From their mesmerizing violet hue to their impressive bubble-making abilities, violet sea snails are truly a wonder of the ocean. These tiny creatures have a big impact, both in terms of their ecological importance and their unique adaptations for survival. So come dive into the depths and explore the facts of these purple mystery snails.
1. They’re purple from inside to outside
While walking along the seashore, you may find a distinctive purple shell among the assortment of debris, seaweed, and shells. Despite resembling a garden snail, this shell stands out due to its exquisite violet hue and delicate structure.
This particular shell belongs to the violet sea snail, also known as the bubble raft shell, which is a type of marine gastropod mollusk. Unlike the garden snails, the violet snail’s conical-shaped shell is thinner and more fragile, helping the species live in the ocean. These small snails usually grow to be about the size of a dime.
As the name suggests, this snail is purple, from the inside to the outside. Its shell is composed of various shades of purple while its soft and fleshy body has a deep violet color.
Violet sea snails feature a lengthy, cylindrical snout as part of their head structure and no visible eyes. The adults don’t have the operculum and their body can reach a size of 4 cm. This body is covered by a delicate, see-through layer known as a mantle, which safeguards and hydrate their skin constantly.
Similar to other snails, the purple snail also features a set of tentacles on their head that it uses to detect its surroundings and locate prey.
These purple sea snails live in both tropical and temperate oceans, including the Pacific, Atlantic, and Indian Oceans, as well as coastal waters worldwide.
These tiny creatures, measuring only 3 or 4cm in length, belong to the ‘Pleuston’ category of organisms that reside on the ocean’s surface. Despite their diminutive size, they’re one of the largest inhabitants of this thin yet vast habitat and play a significant role in it.
3. They use bubbles to move
As a snail, this creature has its own special method to live in the ocean. It creates a raft with self-made materials. The violet snail produces mucous from its foot gland. This mucous adhere to a chain of air bubbles formed when the snail agitates the water with its foot.
As this mixture hardens, it becomes a floating raft. The snail will attach itself to the raft and spend the rest of its life there, floating in the wide ocean. Being afloat on the surface of the ocean makes the species dependent on the influence of ocean currents and prevailing winds. This is why it can often be found washed up on the beach along with the Man O’ Wars.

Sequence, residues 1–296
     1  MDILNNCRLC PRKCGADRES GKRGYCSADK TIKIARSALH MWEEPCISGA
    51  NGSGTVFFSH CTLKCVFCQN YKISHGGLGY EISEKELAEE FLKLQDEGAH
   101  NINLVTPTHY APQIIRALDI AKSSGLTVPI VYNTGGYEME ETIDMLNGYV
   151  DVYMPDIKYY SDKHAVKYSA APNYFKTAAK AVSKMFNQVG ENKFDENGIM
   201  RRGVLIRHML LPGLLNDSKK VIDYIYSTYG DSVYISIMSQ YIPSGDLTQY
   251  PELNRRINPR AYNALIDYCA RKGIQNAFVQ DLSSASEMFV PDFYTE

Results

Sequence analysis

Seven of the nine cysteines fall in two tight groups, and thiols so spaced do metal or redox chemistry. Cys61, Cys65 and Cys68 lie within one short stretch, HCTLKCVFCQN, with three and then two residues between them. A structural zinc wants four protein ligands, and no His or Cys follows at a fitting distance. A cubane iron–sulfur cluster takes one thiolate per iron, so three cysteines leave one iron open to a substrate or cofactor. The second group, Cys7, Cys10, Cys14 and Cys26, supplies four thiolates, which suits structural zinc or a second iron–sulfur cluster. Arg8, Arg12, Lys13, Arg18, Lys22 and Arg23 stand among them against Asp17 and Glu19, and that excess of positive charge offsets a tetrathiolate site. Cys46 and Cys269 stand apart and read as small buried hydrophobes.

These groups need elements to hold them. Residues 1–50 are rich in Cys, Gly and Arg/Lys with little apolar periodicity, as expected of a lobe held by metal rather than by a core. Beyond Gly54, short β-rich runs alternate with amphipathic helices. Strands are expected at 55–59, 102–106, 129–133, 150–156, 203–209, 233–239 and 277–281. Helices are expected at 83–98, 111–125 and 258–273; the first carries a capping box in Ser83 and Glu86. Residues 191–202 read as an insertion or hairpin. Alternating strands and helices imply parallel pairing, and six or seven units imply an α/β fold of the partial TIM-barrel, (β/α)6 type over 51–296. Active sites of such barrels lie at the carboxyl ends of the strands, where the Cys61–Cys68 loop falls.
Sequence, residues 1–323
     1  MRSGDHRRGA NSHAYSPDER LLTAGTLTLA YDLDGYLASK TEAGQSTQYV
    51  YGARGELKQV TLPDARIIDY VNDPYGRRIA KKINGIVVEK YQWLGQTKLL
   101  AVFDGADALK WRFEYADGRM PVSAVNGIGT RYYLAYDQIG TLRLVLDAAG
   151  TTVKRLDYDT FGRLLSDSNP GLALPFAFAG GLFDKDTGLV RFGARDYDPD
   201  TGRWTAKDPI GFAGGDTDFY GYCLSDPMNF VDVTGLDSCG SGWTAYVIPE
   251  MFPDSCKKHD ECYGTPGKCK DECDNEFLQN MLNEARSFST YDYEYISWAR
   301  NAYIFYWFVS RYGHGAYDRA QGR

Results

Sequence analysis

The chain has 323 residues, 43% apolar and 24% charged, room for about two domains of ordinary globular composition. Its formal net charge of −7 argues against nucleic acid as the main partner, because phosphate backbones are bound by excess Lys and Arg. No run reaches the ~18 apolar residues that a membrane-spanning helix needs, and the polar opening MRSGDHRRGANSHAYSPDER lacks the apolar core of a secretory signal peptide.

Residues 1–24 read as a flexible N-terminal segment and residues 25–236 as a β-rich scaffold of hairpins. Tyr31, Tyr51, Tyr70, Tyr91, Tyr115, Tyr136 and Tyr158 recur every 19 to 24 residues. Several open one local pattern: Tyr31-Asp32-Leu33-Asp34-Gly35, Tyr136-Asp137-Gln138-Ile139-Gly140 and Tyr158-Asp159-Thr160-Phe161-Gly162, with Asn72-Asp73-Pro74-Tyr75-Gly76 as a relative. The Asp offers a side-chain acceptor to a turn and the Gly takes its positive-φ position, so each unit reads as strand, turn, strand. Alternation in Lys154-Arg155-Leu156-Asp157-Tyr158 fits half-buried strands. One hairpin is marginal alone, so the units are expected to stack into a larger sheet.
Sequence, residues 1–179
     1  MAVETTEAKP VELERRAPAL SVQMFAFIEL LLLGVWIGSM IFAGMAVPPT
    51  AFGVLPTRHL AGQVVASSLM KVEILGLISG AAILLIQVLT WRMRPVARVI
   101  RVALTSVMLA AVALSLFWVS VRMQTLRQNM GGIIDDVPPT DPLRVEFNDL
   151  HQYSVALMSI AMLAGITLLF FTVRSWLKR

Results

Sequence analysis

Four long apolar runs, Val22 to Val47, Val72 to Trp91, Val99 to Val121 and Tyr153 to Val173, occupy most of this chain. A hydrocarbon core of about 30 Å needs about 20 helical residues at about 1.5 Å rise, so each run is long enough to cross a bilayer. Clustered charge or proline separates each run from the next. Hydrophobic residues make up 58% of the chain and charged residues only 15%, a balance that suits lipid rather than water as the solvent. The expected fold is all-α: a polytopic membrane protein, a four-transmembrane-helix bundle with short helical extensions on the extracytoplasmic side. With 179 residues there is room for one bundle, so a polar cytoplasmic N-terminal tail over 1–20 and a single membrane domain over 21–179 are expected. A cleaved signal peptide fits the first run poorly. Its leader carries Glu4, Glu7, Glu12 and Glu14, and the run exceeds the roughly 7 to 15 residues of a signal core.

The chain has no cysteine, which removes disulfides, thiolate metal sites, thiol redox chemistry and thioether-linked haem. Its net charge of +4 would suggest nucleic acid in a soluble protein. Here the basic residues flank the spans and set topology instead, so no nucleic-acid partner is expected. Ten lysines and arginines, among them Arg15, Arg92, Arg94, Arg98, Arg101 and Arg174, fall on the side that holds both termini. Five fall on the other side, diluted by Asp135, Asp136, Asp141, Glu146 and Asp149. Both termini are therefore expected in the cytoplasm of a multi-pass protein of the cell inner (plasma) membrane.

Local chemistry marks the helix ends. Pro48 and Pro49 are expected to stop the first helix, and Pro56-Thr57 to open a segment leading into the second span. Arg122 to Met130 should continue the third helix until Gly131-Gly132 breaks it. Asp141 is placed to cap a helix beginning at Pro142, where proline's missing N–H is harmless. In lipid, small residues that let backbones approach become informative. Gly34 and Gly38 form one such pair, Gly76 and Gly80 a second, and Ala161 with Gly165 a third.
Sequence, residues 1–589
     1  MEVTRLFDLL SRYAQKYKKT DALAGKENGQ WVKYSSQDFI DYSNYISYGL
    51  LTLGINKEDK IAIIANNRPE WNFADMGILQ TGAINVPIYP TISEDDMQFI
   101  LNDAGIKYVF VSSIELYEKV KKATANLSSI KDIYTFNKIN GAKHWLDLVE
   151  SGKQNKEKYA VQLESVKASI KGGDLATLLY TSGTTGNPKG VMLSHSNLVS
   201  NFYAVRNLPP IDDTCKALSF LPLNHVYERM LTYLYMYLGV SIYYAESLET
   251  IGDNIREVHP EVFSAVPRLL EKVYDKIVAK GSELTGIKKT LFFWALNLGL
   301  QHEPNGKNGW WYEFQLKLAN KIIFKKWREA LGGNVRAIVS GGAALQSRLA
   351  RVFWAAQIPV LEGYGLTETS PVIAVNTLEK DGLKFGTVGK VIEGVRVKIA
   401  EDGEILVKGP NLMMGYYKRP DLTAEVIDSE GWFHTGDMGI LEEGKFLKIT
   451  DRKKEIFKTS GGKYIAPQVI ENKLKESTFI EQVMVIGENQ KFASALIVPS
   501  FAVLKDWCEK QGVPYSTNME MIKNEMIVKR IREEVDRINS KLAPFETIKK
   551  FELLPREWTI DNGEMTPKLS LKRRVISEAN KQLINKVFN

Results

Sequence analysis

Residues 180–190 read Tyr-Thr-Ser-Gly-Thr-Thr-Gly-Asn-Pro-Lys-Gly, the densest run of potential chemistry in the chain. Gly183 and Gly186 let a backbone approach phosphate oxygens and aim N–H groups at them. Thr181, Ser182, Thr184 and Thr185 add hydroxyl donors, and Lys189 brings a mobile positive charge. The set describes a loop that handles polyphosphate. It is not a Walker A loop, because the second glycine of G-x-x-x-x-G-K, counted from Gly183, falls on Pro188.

One violet sea snail only creates a floating raft in its whole life. This means that if its raft breaks, it’ll die. The snail will sink into the seafloor and can’t generate another raft because it cannot create a string of bubbles here. Once stuck on the ocean bottom, violet sea snails will die quickly since they are not equipped to survive in the environment here.
4. Violet sea snails have great camouflage
To float in the ocean, violet sea snails will attach themselves to the bubble raft in the upside-down position. They don’t do this do fun! This gives them an excellent camouflage (known as countershading) to survive in the ocean full of dangers. The blue dragon sea slugs also apply this technique.
The snail’s upper side is a lighter violet, while its underside is dark violet. By hanging upside down, the violet globe snails create an illusion for their predators in the water that they are looking at the light-colored sky above. For predators in the air, they are fooled into thinking they’re looking at the deep blue sea below.
So, how can they eat these prey? When they come into contact with their victim, they use their radula (a file-like structure) to scrape away the soft tissue of the prey.
However, the Janthina is not exempt from becoming prey themselves. Their predators include fish, turtles, birds, mollusks, and nudibranchs. They can have little barnacles adhering to them from drifting in the sea.
One of the fascinating things about violet sea snails is their mating habits. These species are protandric hermaphrodites. They begin their life cycle as males and gradually transform into females as getting older.
These creatures are not capable of internal fertilization. The male’s penis is not developed enough for them to mate directly. Instead, they deposit their sperm into capsules that float to the female, enabling fertilization to take place within the females.
After fertilization, the female violet sea snails attach long, slender strands of eggs to floating objects. The females nurture their free-swimming larvae upon hatching before releasing them into the water.
The juvenile sea snails instantly start secreting mucus and creating bubbles to stay afloat in the water.
The survival of this sea snail is threatened by several factors, such as habitat loss, the impacts of climate change, and ocean acidification. These violet sea snails are also endangered by overfishing. Their shells are frequently harvested and utilized for decorative intentions.